THE PUPPET MASTER: The Films of Jiří Trnka

by Carlos Valladares

Jean Cocteau said of Jiří Trnka, the Czech animator and puppeteer, that the very name conjures up childhood and poetry. Note the “and”—childhood and poetry, la poésie de l’enfance, which Trnka treats with the depth and respect those oft-belittled years merit. We are only too quick to gloss over our fanciful kid dreams, our stumbling attempts to use simple words to convey huge emotions which we spend our adult trying to refine and intellectualize and know, know, boringly know.

Image result for Jiří Trnka - A Missing Friend | TrailerTrnka, by contrast, was a seer, a dweller. He dwelled in youth, dwelled in the crevices of language before social and linguistic codes are mastered (most of his films’ narratives lose you along the way, and that’s when you know they’re working). His magic is the magic of the slow burn, the way the worlds of imperial China or a rose-wrapped Greek forest unfurl before your childlike eyes with a responsible contempt for the straight-edged story-line. Trnka’s gift—the gift, also, of Lewis Carroll, Beatrix Potter, François Truffaut, Demy in Donkey Skin mode, the late Stephen Hillenburg, and other bards of childhood—was to give kids what they most needed for maturity, a truthful artifice wrapped in a lived-in melancholy and wistfulness, and to make jaded adults see as simply as their kids again.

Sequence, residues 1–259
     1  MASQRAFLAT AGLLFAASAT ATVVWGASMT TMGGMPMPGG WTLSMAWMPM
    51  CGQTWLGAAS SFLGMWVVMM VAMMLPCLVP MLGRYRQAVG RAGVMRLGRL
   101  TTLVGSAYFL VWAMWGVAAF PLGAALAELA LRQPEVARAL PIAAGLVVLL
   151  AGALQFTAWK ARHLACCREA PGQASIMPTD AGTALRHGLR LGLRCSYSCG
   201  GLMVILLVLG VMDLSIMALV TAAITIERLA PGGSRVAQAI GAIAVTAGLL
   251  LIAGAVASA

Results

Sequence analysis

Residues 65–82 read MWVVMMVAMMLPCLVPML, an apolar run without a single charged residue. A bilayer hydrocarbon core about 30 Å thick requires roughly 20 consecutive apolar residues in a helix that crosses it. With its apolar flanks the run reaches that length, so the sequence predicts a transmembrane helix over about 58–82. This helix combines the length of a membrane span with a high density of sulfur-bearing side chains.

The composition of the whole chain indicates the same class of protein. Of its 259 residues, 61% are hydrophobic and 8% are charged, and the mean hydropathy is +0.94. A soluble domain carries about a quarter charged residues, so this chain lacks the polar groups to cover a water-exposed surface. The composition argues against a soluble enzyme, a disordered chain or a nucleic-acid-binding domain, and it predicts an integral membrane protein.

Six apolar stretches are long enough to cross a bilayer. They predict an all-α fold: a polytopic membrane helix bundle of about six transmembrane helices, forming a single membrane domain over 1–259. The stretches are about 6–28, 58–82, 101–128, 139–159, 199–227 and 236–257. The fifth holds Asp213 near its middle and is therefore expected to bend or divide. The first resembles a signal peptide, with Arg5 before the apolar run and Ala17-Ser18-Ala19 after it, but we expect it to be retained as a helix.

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Bringing Back Films Alive

A Celluloid Detective’s Adventures in the World’s Deepest, Darkest Vaults and Beyond

By Russell Merritt

When I remember David Shepard, I think of high adventure, the kind that turns film reclamation into a series of quests, conspiracies, improbable partnerships, witty banter, and second story work.

7. Magic and Mirth.AGILE.jpg

 TIT FOR TAT (La Piene du talion)
(d. Gaston Velle, France, 1906)

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EAT MY SHORTS- A Pie in the Eye

Monday, March 14 is National π Day and we thought it would be fun to have a special Pie edition of Eat My Shorts.

In late 2015 it was reported that the long-thought-lost complete Laurel and Hardy two reeler The Battle of The Century had been found. Bay Area collector Jon Mirsalis acquired a large film collection and has been working his way through the prints. When he came across a reel marked “Battle of the Century, R2” Jon assumed it would be the same chopped up version of the movie’s famous pie fight that people have seen since the 1950s. But to his shock and delight it included all the missing footage. Jon worked with Serge Bromberg of Lobster Films and they have done a total restoration –and we have it on good authority that it will screen at the San Francisco Silent Film Festival in June.

The Battle of the Century (1927) excerpt

Read about the discovery in the New York Times. Continue reading